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    Antibiotic use in eyelid surgery varies greatly around globe

     

    Various results for oral drugs

    The use of oral antibiotics also had various results based on the country. Twelve percent of surgeons in the United States and 13% in Europe used them with patients.

    In Europe, no surgeons in France and Germany used them before a procedure, but 42% of surgeons in Italy used them after procedures. The overall usage rate in South America was 37%, with yet another wide swing—no surgeons in Chile used them but 60% of surgeons in Argentina did.

    In Asia, the overall rate was 59% for the use of oral antibiotics, with the highest rate in India, at 89%. “I don’t believe that the infection rate is seven times higher in India than in the United States, but clearly the prescribing patterns are responding to something,” Dr. Wladis said.

    Colleagues who had practiced or trained in the United States or the United Kingdom were much less likely to use oral antibiotics compared with respondents in India, Southeast Asia, Venezuela, Brazil, and Argentina.

    One part of the survey that Dr. Wladis found fascinating was the clinician estimate of complications and its lack of correlation with real-world values. For instance, respondents estimated a 1% risk of infection without the use of antibiotics, a less than 1% risk of allergy with a 1-week course, and a 2% to 10% risk for gastrointestinal issues.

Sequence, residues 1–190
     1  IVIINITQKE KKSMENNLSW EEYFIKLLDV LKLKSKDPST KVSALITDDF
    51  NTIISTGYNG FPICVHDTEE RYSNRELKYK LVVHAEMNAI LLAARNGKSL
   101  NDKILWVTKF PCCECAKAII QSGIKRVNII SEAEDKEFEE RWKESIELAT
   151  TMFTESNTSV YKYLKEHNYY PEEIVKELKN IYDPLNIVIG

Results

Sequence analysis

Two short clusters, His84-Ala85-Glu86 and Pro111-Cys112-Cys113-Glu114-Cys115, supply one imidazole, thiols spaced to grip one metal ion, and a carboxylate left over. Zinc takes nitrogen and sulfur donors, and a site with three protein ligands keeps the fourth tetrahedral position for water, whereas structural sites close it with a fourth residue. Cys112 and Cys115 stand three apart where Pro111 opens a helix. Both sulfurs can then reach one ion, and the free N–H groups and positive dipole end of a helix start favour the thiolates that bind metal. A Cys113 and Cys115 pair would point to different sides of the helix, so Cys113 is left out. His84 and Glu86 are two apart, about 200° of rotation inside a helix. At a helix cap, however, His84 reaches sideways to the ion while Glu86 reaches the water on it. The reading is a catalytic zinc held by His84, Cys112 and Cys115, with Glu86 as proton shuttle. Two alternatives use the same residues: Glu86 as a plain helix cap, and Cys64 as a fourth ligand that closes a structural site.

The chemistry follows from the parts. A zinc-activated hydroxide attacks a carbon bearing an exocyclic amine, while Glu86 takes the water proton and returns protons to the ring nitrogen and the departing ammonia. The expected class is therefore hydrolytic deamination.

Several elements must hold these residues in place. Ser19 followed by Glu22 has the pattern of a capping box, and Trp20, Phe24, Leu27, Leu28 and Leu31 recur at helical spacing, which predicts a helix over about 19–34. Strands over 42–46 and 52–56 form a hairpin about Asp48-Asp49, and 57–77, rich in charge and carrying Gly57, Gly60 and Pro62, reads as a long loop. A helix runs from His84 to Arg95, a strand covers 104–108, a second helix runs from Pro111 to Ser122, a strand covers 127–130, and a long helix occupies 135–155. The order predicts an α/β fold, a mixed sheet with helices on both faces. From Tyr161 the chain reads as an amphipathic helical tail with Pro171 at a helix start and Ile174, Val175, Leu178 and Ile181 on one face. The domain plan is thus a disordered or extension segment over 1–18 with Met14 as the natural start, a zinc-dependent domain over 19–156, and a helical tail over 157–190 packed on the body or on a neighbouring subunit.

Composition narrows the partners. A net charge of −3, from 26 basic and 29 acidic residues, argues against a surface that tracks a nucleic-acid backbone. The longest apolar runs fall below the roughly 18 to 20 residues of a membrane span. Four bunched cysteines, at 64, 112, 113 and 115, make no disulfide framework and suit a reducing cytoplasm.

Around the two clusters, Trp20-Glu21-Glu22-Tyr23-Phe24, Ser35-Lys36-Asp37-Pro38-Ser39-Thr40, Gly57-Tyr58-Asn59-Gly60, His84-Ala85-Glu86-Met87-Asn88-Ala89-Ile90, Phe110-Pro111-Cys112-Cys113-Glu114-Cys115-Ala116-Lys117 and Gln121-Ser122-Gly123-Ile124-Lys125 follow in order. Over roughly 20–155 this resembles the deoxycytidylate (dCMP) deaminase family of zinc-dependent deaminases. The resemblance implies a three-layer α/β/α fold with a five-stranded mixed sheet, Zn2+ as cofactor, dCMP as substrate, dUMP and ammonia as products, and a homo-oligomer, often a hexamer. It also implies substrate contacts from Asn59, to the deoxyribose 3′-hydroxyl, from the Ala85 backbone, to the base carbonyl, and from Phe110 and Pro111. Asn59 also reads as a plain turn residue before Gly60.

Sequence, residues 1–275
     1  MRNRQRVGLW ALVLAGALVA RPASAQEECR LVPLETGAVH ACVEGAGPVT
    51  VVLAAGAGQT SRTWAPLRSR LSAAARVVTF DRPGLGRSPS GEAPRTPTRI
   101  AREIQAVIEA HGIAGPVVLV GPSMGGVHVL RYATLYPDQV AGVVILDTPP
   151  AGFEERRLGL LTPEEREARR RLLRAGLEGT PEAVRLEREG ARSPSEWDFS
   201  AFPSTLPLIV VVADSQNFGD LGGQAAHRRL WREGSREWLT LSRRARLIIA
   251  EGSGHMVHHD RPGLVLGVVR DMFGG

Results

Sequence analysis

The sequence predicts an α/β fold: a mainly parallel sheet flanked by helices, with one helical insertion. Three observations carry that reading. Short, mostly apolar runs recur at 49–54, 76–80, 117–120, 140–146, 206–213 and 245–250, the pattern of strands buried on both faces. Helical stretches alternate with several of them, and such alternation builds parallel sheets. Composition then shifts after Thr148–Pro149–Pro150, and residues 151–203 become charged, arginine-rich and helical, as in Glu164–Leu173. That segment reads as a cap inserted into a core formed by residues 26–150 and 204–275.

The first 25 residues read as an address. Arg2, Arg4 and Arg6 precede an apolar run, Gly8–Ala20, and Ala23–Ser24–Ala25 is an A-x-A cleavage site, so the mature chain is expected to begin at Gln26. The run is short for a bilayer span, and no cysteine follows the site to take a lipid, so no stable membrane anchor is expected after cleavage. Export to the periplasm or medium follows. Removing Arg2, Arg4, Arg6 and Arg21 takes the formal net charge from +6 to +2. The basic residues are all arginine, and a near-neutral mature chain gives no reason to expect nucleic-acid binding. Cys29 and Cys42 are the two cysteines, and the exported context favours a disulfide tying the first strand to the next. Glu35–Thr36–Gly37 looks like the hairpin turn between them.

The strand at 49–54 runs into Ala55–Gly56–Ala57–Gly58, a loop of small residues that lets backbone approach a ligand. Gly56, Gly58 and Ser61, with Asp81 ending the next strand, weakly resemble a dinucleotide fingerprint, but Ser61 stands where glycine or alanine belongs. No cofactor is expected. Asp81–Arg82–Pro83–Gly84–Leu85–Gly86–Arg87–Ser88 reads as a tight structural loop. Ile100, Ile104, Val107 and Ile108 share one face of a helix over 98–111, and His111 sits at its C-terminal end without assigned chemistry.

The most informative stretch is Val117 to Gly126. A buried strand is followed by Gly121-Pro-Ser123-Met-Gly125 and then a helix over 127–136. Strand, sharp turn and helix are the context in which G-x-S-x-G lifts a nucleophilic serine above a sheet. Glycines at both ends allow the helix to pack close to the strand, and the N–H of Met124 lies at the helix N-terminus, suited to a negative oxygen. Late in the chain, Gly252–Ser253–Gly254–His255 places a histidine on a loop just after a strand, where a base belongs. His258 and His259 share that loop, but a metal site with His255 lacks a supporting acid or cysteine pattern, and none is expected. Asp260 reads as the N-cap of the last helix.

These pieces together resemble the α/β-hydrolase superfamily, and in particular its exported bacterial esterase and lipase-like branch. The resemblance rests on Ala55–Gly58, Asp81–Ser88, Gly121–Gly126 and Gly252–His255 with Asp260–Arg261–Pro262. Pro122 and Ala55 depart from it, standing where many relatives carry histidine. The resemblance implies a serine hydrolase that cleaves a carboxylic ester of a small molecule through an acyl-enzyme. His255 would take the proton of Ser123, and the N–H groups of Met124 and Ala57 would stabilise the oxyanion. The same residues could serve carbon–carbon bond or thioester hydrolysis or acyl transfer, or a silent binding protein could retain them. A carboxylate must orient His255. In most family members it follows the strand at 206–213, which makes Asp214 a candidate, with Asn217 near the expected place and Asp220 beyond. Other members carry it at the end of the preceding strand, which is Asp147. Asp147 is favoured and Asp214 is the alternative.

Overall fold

However, the current data show the actual risk for infection is 0.4%, a 25% occurrence of gastrointestinal effects (such as diarrhea), and an 11% risk for allergic reaction.

    “Perhaps we’re overtreating the patient,” Dr. Wladis said. “As much as we all care for patients, that doesn’t mean we always have to prescribe antibiotics. I’d encourage some rethinking based on the existing literature.”

    The survey results also revealed that the more that surgeons believed that antibiotics would benefit patients, the more likely it was that they would prescribe them. The more they believed in the harmful side effects of antibiotics, the less likely it was that they would prescribe them.

     

    Reference

    1. Fay A, Nallasamy N, Bernardini F, et al. Multinational comparison of prophylactic antibiotic use for eyelid surgery. JAMA Ophthalmol. 2015;133:778-84.

     

    Edward J. Wladis, MD, FACS

    E: [email protected]

    This article was adapted form a presentation that Dr. Wladis, MD delivered at the 2016 American Academy of Ophthalmology annual meeting. Dr. Wladis is a consultant for Bausch + Lomb and Valeant Pharmaceuticals and holds an equity position in Praxis Biotechnology.

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